If you look further, you won’t see any green distortions to speak of. It’s not that they aren’t there, it’s just that they’ve been spread out and spread across a much higher frequency range. Those distortions in green that do remain within the audio range are much smaller in magnitude.

The next step, now that we know how to improve this PWM development, is to build our improved signal and hear what it sounds like.

Building the updated PWM’s logic

Let’s now work through how to code this bit-reversed PWM signal, and make an audio controller using the scheme.

The first step to creating a more pleasing sounding PWM audio waveform is to bit–reverse the counter. If we let our counter be a simple 16-bit number, we can reverse it with a for loop within a Verilog generate statement.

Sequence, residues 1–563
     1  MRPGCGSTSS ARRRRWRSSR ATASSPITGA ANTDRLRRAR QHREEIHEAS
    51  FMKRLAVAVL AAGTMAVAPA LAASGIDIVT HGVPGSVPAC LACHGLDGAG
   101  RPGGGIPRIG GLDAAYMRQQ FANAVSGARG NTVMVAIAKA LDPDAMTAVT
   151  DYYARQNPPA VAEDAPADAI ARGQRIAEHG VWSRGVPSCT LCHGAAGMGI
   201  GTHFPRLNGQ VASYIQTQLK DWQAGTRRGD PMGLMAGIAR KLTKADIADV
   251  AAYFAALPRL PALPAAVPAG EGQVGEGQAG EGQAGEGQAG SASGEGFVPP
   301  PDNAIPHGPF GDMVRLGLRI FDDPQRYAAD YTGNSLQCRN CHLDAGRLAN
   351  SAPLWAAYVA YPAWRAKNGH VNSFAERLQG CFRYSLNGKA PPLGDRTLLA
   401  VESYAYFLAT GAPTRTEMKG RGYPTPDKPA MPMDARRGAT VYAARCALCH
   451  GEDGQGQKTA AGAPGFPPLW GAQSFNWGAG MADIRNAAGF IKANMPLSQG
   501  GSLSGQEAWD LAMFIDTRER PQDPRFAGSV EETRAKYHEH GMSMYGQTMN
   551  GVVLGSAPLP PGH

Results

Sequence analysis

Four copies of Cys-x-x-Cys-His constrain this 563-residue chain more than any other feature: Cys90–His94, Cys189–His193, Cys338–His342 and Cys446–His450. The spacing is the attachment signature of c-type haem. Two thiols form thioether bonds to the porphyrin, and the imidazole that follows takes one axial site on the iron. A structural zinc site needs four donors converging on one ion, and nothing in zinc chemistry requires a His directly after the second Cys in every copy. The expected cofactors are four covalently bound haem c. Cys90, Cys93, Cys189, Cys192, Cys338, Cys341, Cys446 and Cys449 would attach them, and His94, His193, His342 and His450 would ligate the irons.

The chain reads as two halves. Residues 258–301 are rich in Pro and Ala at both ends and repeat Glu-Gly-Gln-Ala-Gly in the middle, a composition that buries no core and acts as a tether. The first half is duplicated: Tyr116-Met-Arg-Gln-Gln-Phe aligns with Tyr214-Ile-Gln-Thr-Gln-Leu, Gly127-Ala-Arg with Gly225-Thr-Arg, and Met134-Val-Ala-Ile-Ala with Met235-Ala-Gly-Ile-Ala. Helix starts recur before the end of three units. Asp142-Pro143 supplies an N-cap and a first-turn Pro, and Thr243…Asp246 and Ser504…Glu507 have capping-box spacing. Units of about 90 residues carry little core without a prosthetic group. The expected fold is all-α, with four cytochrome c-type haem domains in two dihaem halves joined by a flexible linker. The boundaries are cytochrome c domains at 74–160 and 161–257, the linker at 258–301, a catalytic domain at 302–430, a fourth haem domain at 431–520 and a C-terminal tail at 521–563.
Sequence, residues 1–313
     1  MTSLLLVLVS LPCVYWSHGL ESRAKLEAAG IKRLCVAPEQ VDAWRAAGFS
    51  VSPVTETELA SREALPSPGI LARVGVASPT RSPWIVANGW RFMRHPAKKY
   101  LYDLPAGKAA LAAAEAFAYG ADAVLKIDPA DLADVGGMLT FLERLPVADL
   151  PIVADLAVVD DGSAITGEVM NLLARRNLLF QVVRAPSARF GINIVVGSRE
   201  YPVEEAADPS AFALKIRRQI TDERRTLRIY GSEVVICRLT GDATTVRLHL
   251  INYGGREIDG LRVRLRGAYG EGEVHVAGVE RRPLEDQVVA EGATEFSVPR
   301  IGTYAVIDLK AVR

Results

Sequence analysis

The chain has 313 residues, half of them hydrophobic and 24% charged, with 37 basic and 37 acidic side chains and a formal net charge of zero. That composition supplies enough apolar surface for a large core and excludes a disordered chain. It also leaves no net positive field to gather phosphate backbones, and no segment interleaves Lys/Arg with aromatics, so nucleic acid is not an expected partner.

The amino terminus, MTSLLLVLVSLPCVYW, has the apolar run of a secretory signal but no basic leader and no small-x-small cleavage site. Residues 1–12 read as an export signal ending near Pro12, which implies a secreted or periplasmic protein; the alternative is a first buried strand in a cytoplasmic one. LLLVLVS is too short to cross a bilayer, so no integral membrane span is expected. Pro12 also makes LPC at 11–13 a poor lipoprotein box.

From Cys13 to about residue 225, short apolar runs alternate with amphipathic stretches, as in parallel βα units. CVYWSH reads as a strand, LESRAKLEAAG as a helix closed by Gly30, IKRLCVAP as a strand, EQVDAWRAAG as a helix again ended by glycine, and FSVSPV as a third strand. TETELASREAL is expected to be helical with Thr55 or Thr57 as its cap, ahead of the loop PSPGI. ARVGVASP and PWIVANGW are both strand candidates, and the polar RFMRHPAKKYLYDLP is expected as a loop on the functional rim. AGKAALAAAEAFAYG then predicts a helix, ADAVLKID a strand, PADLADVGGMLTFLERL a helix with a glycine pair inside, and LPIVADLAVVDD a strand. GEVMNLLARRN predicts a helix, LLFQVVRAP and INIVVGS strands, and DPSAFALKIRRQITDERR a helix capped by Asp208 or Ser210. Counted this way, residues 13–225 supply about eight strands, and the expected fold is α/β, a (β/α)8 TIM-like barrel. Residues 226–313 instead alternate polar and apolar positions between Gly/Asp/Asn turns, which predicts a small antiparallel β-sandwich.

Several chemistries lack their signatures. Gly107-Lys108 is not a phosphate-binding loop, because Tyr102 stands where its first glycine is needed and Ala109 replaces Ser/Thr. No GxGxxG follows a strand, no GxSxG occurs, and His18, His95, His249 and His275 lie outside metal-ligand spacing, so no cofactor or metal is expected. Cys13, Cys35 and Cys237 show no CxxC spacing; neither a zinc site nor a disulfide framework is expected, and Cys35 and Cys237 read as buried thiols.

// The bit-reversed (br) counter
wire	[15:0]	br_counter;
genvar	k;
generate for(k=0; k<16; k=k+1)
begin : bit_reversal_loop
	assign br_counter[k] = pwm_counter[15-k];
end endgenerate

The beginning HDL. student should remember that for loops in Verilog are not like for loops in software. This loop does nothing but rename the wires within the original pwm_counter. It requires no CPU instructions, nor FPGA logic elements, to be accomplished. As a result, there’s no time consumed by the logic this loop creates.

This loop is actually the whole key to the algorithm, and the source of the difference we are going to create. If you’ve built a PWM based audio signal before, you now understand how to build a better one. We’ll keep going, though, just for completeness.